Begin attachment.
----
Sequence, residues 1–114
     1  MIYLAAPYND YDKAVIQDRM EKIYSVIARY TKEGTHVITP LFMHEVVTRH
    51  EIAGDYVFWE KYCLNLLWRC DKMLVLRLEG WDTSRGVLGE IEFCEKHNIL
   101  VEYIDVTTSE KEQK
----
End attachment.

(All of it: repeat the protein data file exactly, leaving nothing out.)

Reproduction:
Sequence, residues 1–114
     1  MIYLAAPYND YDKAVIQDRM EKIYSVIARY TKEGTHVITP LFMHEVVTRH
    51  EIAGDYVFWE KYCLNLLWRC DKMLVLRLEG WDTSRGVLGE IEFCEKHNIL
   101  VEYIDVTTSE KEQK